If you are friends with me on Facebook, then you know that I am currently suffering from the post-cruise plague. Virus, sinus infection, soar throat, and a double ear infection. Yes, you might feel sorry for me, but I’ll tell you one thing, I’ll take full-on zombie status for a week if it includes a prerequisite week of traveling with my long-distance guy (I see you rolling your eyes, future non-existent children).
One particular perk to my trip was the location of the port; while it would have been easy to leave from Tampa, my guy’s family is from Memphis, so we left from New Orleans. This left me plenty of time to do a little exploration of this great foodie city before they got there and after they left for home.
My first plan of attack was to join my college buddy Ally for a good ole Poor Boy at Parkway Bakery & Tavern. I knew Ally would be the perfect host: in our Mississippi River seminar, she not only brought in a CD of her favorite New Orleans music to listen to during her presentation, but she also corrected my pronunciation of Pontchartrain (twice) during a presentation after multiple failed attempts. Ally is as in love with her city as any other NOLA native, and I can tell why, after her behind the scenes tour of Crescent City. We were greeted by a pretty hefty line at Parkway, but we were determined to stick it out, our bellies rumbling for some yummy fried shrimp. The line only continued to get longer, which got me excited for the deliciousness to come, and without a doubt, 'deliciousness' is an underestimate.
Both of us ordered the regular-size Golden Fried Shrimp Poor Boy (shown above): tender shrimp, fried up in a perfectly seasoned batter until light and crispy, piled into a fresh baguette, and then topped with lettuce, tomato, pickles and mayo. It is truly the best Poor Boy (or Po’ Boy, for that matter) that I have had to date. We both finished every last bite, an interesting development, since Ally is about as big around as the sandwich. I loved the use of the baguette instead of a hoagie roll, which gave it a more sophisticated bite. The shrimp were not overcooked in the least bit, a skill I have yet to master in my own kitchen. Add a side of crispy sweet potato fries, some Zapp’s crawtator chips, and a seasonal Abita Strawberry beer (!!!!), and you have yourself the perfect introduction to New Orleans cuisine. Not to mention, we only spent $30 for the whole meal, including our beers. Happy tummy and wallet.
My second meal came on arrival back from my cruise. The tired, tanned, and soon-to-be sick version of me was ready for reintroduction to real food (sorry, Carnival), and I couldn’t imagine a better place to do just that than Cochon, a restaurant with a reputation for inventive, southern cuisine, and one of Bon Appetit’s '20 Most Important Restaurants in America'. Well, they were closed. So, we tried Root, a hip new restaurant receiving a lot of press in the port area recommended of fellow food blogger, Megan (I Run For Wine). Also closed… Damn. How about Stanley’s extremely popular brunch? Well, my fellow patrons weren’t exactly interested in a one-mile walk in the rain.... it was time to consult a concierge. She recommended Mother’s Restaurant, just a few blocks away. In hindsight, while we may have missed some opportunities to dine at a few amazing establishments, we did not go wanting for some delicious, home-style NOLA breakfast.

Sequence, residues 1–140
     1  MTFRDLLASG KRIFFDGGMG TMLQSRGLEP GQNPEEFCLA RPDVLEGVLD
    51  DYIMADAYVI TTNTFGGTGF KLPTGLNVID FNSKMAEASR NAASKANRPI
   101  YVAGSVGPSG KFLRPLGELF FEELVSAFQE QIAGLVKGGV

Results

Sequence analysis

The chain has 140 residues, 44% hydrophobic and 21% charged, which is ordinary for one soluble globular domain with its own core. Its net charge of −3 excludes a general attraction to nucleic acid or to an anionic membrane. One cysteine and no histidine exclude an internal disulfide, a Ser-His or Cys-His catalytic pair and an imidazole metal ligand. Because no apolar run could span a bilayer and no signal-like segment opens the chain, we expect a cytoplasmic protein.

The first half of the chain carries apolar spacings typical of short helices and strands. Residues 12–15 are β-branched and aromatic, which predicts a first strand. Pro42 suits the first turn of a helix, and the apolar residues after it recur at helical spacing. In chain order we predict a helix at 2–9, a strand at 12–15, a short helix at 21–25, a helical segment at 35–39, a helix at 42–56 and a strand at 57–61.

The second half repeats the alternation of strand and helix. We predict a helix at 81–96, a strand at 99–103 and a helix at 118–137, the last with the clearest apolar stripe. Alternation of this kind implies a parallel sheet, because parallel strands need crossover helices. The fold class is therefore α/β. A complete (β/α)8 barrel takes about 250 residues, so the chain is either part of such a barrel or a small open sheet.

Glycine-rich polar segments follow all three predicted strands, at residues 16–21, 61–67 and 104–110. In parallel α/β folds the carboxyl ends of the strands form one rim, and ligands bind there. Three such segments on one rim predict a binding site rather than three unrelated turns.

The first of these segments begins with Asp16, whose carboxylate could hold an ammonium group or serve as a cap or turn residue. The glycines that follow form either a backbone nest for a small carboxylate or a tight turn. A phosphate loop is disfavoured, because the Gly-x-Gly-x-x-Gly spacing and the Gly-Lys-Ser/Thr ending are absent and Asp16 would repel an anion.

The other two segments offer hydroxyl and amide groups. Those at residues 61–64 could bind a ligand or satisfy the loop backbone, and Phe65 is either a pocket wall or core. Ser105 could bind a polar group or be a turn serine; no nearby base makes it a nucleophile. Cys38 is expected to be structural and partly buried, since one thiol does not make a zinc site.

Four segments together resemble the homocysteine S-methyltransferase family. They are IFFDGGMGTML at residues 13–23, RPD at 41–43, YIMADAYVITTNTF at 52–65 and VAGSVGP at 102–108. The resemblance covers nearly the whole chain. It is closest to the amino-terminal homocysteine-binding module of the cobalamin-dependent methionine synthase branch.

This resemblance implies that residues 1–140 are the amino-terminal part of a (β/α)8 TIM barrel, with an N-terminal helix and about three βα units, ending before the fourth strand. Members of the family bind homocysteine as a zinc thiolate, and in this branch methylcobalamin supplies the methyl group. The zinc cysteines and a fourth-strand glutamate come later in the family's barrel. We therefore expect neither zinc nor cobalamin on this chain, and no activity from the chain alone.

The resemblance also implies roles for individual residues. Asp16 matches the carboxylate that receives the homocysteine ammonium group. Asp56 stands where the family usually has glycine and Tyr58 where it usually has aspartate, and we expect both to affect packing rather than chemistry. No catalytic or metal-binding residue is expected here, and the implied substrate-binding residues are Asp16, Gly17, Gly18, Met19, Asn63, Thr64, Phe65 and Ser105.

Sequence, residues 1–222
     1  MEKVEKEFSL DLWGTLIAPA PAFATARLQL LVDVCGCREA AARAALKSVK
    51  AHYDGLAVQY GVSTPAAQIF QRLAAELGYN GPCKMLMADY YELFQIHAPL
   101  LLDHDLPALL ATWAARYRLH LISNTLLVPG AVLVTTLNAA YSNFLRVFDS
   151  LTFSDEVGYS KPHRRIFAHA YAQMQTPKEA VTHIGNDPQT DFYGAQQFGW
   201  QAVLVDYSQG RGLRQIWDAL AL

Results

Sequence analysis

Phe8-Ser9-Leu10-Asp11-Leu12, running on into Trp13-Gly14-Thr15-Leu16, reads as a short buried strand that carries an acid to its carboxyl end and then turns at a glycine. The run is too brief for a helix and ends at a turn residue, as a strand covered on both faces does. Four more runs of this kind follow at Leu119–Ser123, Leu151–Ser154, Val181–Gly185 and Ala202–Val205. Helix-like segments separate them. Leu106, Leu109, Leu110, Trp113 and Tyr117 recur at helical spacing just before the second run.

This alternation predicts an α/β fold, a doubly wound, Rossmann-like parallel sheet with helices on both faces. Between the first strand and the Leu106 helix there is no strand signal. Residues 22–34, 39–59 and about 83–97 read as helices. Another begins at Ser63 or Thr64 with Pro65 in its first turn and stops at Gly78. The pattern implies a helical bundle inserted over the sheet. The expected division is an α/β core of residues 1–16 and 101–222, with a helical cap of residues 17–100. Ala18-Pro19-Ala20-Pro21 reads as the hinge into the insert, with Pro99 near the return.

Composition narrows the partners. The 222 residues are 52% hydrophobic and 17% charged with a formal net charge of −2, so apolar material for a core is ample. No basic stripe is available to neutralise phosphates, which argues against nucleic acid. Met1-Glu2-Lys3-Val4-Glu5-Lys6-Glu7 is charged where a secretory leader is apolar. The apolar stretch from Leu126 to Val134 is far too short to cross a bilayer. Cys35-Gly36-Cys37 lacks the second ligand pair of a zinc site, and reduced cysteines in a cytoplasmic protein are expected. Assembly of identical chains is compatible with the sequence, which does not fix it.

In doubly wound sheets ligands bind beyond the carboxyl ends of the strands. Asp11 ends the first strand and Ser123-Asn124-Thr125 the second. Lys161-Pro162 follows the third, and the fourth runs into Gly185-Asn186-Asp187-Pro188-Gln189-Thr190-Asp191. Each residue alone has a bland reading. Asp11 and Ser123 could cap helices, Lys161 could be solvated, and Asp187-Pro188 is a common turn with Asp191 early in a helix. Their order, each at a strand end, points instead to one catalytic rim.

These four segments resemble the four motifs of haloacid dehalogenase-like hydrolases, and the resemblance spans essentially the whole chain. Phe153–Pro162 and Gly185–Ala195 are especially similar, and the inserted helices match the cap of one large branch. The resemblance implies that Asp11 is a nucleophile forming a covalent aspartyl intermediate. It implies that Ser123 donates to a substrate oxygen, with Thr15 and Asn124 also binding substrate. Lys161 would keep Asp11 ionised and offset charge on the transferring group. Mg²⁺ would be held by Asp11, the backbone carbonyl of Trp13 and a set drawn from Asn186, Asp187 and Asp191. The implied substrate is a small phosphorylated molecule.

My cousin-in-law (one day, fingers-crossed, hint hint, wink wink, GIVE ME A DAMN RING—I’m only kidding, kind of), Jonathan, and his wife, Heather, joined me in this deceivingly large restaurant, tucked inside an unassuming brick building. The line to order had already formed, so we took our place and perused the menu. After ordering our breakfast spoils, we navigated a variety of rooms, already filled with hungry breakfast crowds, and found a table in the large, open air bar room (and yes, your breakfast can come fully-equipped with a mimosa, bloody mary, or beer). We decided to skip alcohol, at least until we made it to the airport, where there really isn’t anything better to do.
After the quick exchange of smiles and receipts with a waitress, our food was brought to us as it was ready. Mine was the first to come, and despite attempting to show my southern manners, I dug in after a little encouragement from Jonathan. Say hello to the crawfish etouffee omelet: a fluffy omelet, filled and covered with crawfish etouffee, a Louisiana classic filled with green onions, garlic, sweet onions, celery, Cajun spices, and creamy goodness; mixed with the grits alone, it was amazing. Only a side of fluffy biscuits, grape jam, and an extremely generous amount of butter could improve this situation. It was delicious, and it only put me back $14. Not bad!
Jonathan had a ham biscuit and some grits with ‘debris’, a fancy way of saying slow cooked meaty goodness, I believe. We didn’t hear much from him, so I took that as a sign that he liked it.
Heather got two eggs, grits, a biscuit, and the ‘World’s Best Baked Ham’. She gave it two thumbs up. The ham wasn’t playing around.
In the end, I may have not spent enough time in New Orleans to get to all my must-eat spots, but I was successful in finding two knock-out options for a crash course in the tastes of NOLA on a budget. A victory I am proud to share with you all! I can't wait to get down back in the bayou and fill my belly with more of its unique, tasty cuisine!